Sam Outlaw – The Tuning Fork, 30 November 2017

Hard to believe that Sam Outlaw has only been doing this music thing for the last few years, with just two albums under his belt. He took the stage, alongside guitarist/vocalist Molly Jenson, at The Tuning Fork last night like he’s been doing this his whole life, jumping into a solid set of southern California honky-tonk mixed with a solid dose of twang, misery and old-time religion.

Outlaw opened with a couple of happy tunes – dedicated to his wife, which I have to admit to not paying much attention to, as I was busy shooting the attached photos. By the third song I’d got my shots and settled down to a position front and centre and he had my full attention – important because Outlaw proved himself to be as much a storyteller as a singer/songwriter and before he got into it, he wanted us to know his life wasn’t that bad – but nobody wants to hear songs about how happy you are – then segued into the classically maudlin, She’s Playing Hard to Get (Rid Of) followed by the delightfully moribund Country Love Song. Beautiful melodies and delicate harmonies. With Outlaw and Jenson both on guitar there was no steel guitar in the mix, something I appreciated as the live sound was rougher and less sweet than the album versions of the songs.

Sam OutlawBut time for a breather as Outlaw quizzed the audience trying to find out who had seen Bon Jovi, before launching into a bit of a saga about HIS first time seeing Bon Jovi – for a laugh, cos Bon Jovi was lame and every one at the show, both men and women looked just like Bon Jovi, and Bon Jovi didn’t matter. But then Bon Jovi took the stage and played a solid two and a half hours of hits and even though he, Sam Outlaw, had never in his life listened to Bon Jovi – he knew the words to every single song. And by the time Bon Jovi told the audience they were going to play the national anthem for an encore – and then broke into Dead or Alive – Sam Outlaw had learned something. I’m not sure what it was, but it lead to Tenderheart, another country weeper. Next was a quick lesson on how to start drinking in the morning California style with brunch and Bottomless Mimosas. Molly Jenson’s voice was nothing short of amazing as she moved from delicate soprano harmonies to a roar, drawing thunderous applause.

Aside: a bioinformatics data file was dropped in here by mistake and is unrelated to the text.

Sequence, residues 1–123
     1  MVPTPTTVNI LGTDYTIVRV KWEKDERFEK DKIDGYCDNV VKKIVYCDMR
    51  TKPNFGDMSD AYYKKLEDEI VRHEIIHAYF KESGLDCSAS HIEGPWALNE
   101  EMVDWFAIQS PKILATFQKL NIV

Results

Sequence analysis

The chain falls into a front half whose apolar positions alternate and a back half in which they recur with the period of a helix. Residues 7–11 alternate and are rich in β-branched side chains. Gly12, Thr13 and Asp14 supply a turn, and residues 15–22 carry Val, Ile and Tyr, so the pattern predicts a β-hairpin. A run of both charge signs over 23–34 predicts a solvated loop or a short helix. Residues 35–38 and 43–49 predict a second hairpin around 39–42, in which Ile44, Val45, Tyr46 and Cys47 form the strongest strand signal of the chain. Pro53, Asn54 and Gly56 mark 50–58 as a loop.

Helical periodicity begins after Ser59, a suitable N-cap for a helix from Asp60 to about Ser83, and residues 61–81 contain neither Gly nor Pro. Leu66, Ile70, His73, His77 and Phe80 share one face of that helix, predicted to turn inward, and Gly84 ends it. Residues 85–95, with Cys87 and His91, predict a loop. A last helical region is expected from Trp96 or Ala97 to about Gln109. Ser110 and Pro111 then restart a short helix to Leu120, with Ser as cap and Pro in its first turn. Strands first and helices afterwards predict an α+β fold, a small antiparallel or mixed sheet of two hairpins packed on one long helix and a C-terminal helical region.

She also proved to be Outlaw’s equal as she mocked his long, jabbering breaks and refusal to work with a set list, resulting in a show that was more troubadour than strictly music. Running jokes, childhood memories, American Christianity and Flight of the Conchords all wove their way in between some of the best old-school country songs I’ve heard in a long long time. Jesus Take the Wheel (and Drive Me to a Bar,) Cry for Me, and Trouble all draw from the same country tradition as Loretta Lynn and Conway Twitty – tragic, humourous and played perfectly straight.

After promising us a few hundred songs (out of his current catalogue of twenty-five), Outlaw gave us just fifteen, wrapping the show with a solid rendition of Trouble. The encore was a pleasant surprise as the two of them returned with a two-song acoustic set, played in the middle of the audience, finishing off with a George Strait tune, One Night at a Time. Everyone went home happy.

Veronica McLaughlin

Sam Outlaw Set List
  1. ??
  2. ??
  3. She’s Playing Hard to Get (Rid Of)
  4. Country Love Song
  5. Tenderheart
  6. Bottomless Mimosas
  7. Diamond Ring
  8. Jesus Take the Wheel (and Drive Me to a Bar)
  9. Angeleno
  10. Ghost Town
  11. Cry for Me
  12. Juanita (Gram Parsons cover)
  13. Look at You Now
  14. Keep it Interesting
  15. Trouble

16. All My Life
17. One Night at a Time (George Strait cover)

Opener Courtney Marie Andrews (who was utterly fabulous – a singer/songwriter who deserves to headline on her own.)
Sam Outlaw & Molly Jenson